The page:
Format

Send to

Choose Destination
FEMS Yeast Res. 2016 Mar;16(2):fov110. doi: 10.1093/femsyr/fov110. Epub 2015 Dec 17.

The birth of a deadly yeast: tracing the evolutionary emergence of virulence traits in Candida glabrata.

Author information

1
Bioinformatics and Genomics Programme, Centre for Genomic Regulation (CRG), The Barcelona Institute of Science and Technology, Dr Aiguader 88, Barcelona 08003, Spain Universitat Pompeu Fabra (UPF), 08003 Barcelona, Spain Institució Catalana de Recerca i Estudis Avançats (ICREA), Pg. Lluís Companys 23, 08010 Barcelona, Spain tgabaldon@crg.es.
2
Bioinformatics and Genomics Programme, Centre for Genomic Regulation (CRG), The Barcelona Institute of Science and Technology, Dr Aiguader 88, Barcelona 08003, Spain Universitat Pompeu Fabra (UPF), 08003 Barcelona, Spain.

Abstract

The yeast Candida glabrata is an opportunistic human fungal pathogen whose incidence has increased in the last two decades. Despite its name, this yeast is only distantly related to the model fungal pathogen C. albicans, and more closely related to Saccharomyces cerevisiae and other yeasts that underwent an ancient whole-genome duplication. Understanding what specific traits make C. glabrata a successful opportunistic pathogen within a clade of mostly innocuous yeasts, and how these compare to virulence traits in distant pathogens such as C. albicans is a focus of intense research. From an evolutionary perspective, uncovering how the ability to infect humans has emerged multiple, independent times in different lineages may reveal new disease mechanisms and provide us with the capacity to predict which genomic features in a clade may confer a higher potential to develop virulence against humans.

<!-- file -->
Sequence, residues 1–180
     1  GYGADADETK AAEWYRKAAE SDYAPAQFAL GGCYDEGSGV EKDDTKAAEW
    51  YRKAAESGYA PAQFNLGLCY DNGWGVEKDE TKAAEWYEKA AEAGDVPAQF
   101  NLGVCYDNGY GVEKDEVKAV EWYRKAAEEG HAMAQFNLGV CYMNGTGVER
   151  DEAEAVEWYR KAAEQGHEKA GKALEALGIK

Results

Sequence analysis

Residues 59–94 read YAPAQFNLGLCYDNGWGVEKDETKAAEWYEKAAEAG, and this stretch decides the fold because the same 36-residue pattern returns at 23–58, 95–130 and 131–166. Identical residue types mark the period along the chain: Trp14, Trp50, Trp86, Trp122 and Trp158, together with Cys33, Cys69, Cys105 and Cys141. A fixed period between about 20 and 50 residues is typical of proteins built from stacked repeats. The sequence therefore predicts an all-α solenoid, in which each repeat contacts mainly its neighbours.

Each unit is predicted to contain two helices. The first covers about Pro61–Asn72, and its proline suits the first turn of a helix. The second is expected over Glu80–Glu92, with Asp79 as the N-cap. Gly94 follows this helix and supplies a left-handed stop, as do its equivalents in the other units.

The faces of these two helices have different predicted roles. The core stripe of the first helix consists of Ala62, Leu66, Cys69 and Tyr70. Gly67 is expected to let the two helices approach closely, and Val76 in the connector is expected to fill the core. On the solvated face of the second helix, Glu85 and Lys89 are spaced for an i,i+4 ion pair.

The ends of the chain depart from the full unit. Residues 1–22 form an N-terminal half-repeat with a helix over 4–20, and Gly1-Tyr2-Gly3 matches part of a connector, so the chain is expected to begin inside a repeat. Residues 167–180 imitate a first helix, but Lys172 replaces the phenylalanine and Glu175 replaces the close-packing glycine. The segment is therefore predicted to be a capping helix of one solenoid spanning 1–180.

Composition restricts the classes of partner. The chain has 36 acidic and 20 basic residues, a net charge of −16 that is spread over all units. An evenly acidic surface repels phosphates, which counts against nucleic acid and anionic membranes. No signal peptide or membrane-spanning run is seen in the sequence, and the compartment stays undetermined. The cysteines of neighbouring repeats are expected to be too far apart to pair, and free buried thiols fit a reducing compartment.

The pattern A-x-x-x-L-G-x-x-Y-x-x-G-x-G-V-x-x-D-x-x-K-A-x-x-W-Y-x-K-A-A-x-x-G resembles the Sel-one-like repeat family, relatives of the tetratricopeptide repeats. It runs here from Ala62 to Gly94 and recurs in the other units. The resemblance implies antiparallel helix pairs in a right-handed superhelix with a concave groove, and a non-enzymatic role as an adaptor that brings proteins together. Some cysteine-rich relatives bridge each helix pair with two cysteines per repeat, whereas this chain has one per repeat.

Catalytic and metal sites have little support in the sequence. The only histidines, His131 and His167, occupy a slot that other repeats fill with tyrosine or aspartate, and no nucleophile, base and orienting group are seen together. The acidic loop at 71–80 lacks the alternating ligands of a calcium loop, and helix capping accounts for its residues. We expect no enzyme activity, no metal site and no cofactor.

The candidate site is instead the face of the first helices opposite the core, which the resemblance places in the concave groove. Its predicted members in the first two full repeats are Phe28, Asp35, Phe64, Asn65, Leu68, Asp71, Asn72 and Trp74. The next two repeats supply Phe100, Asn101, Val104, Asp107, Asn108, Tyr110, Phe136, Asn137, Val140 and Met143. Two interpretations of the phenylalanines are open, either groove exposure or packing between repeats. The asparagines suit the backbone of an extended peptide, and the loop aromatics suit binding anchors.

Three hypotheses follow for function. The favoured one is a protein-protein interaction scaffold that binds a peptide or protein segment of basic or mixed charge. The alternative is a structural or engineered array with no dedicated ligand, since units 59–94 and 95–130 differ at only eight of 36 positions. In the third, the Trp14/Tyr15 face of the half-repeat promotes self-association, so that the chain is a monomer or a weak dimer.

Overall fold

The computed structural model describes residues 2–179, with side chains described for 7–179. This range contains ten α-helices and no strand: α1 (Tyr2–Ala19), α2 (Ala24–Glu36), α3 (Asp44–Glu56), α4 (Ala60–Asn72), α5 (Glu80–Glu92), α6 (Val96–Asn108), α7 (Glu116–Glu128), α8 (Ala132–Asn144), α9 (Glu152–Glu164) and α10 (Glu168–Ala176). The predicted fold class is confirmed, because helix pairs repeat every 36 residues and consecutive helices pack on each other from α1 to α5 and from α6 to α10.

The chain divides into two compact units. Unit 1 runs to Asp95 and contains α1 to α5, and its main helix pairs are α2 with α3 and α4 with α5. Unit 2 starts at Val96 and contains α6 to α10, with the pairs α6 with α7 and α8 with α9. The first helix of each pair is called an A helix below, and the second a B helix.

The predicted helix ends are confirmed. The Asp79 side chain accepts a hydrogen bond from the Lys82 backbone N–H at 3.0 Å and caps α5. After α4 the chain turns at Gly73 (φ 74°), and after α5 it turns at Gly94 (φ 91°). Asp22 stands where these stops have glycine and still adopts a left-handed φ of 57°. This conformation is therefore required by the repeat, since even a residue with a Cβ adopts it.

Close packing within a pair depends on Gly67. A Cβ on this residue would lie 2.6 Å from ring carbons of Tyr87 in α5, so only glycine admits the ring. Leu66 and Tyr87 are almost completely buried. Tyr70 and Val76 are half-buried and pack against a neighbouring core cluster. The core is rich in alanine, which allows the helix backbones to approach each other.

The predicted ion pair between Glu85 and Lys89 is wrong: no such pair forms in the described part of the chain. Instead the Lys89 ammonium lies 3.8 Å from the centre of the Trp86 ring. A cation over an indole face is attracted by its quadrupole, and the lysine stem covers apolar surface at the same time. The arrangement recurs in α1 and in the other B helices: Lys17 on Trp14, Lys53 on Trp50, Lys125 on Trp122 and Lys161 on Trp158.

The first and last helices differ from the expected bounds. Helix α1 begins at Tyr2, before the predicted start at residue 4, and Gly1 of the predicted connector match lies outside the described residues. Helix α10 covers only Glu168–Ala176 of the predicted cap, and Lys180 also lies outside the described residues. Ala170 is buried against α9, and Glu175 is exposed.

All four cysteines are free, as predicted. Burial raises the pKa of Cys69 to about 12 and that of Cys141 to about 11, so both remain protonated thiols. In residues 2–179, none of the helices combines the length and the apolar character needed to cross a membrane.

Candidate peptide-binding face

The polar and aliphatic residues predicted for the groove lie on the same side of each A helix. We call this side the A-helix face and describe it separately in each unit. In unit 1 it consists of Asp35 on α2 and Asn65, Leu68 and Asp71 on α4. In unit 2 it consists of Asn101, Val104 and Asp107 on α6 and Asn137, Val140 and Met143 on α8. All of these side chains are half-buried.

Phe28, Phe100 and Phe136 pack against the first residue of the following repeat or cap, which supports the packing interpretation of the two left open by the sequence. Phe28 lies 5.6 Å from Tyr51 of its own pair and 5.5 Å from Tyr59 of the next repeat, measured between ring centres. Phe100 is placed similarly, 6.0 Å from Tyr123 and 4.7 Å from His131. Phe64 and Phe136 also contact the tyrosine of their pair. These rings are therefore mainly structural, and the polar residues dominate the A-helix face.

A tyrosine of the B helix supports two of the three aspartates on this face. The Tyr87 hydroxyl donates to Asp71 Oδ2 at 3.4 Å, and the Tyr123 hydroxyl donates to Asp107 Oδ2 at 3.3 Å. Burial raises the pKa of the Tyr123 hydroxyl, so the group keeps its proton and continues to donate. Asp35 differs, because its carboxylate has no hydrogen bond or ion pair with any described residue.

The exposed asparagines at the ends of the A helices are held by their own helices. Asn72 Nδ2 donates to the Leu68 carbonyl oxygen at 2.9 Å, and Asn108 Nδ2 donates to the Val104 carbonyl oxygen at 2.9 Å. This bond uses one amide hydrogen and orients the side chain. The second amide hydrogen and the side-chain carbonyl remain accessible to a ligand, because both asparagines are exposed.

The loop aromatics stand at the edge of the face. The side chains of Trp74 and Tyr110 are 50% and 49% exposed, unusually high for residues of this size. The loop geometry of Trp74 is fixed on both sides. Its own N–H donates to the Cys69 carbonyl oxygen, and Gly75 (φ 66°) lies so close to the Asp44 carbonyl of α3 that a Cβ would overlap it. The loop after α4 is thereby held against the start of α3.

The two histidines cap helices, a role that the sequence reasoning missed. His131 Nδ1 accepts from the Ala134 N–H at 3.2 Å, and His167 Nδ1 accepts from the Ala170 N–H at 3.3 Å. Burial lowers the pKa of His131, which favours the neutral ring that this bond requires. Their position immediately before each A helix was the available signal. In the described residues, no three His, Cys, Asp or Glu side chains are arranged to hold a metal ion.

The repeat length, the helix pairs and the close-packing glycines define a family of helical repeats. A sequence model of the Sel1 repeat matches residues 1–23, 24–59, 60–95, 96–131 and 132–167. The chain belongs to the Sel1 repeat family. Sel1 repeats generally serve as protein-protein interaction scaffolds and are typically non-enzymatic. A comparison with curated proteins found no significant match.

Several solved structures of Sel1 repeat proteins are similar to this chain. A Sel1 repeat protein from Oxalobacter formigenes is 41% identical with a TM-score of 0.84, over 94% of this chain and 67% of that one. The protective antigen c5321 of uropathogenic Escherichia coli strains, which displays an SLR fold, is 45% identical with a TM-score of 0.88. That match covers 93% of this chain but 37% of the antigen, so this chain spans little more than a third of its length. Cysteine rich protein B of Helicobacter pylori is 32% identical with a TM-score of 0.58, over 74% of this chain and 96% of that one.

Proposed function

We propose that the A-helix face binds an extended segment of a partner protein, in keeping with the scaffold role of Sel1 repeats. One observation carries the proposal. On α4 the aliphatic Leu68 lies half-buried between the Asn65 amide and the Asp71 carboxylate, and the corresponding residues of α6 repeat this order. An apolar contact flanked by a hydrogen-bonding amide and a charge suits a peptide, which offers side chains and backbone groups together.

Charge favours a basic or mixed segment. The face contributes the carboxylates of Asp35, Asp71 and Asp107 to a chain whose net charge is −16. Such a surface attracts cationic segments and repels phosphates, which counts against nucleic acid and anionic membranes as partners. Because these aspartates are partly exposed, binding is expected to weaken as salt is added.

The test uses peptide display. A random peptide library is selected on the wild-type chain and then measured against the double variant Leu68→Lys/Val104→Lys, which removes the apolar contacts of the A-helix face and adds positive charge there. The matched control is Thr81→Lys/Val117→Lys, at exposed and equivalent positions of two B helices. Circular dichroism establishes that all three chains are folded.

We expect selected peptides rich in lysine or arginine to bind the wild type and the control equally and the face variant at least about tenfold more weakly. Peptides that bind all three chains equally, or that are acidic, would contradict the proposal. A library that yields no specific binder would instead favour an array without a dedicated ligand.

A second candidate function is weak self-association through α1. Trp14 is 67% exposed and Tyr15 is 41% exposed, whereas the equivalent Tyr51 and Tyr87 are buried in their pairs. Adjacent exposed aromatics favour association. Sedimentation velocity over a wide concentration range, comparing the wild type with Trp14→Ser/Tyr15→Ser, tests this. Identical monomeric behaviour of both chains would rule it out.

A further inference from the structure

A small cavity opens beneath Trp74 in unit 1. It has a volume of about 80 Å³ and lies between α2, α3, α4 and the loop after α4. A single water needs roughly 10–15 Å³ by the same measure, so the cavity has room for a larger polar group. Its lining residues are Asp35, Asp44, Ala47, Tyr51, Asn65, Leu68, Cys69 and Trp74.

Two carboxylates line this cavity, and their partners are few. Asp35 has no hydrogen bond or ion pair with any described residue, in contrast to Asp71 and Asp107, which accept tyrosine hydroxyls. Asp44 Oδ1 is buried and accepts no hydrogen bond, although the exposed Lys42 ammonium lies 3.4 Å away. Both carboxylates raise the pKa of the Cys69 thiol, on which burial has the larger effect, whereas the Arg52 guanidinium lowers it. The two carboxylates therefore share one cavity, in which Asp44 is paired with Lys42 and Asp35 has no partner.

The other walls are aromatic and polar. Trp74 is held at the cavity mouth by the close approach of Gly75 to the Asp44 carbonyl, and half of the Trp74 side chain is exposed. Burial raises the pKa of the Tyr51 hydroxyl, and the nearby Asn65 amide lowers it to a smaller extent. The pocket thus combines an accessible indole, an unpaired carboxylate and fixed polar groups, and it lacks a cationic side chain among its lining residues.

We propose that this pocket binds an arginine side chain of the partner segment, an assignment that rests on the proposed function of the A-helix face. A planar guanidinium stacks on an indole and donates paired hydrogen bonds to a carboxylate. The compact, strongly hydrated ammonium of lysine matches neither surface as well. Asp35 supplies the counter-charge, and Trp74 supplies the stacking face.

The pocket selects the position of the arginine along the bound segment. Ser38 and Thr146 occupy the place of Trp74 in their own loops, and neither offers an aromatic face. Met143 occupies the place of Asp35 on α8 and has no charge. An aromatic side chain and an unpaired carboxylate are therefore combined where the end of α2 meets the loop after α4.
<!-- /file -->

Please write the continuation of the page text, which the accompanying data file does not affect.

KEYWORDS:

Candida; Candida glabrata; Nakaseomyces; evolution; virulence

PMID:
26684722
PMCID:
PMC5815135
DOI:
10.1093/femsyr/fov110
[Indexed for MEDLINE]
Free PMC Article

Supplemental Content

Full text links

Icon for Silverchair Information Systems Icon for PubMed Central
Loading ...
Support Center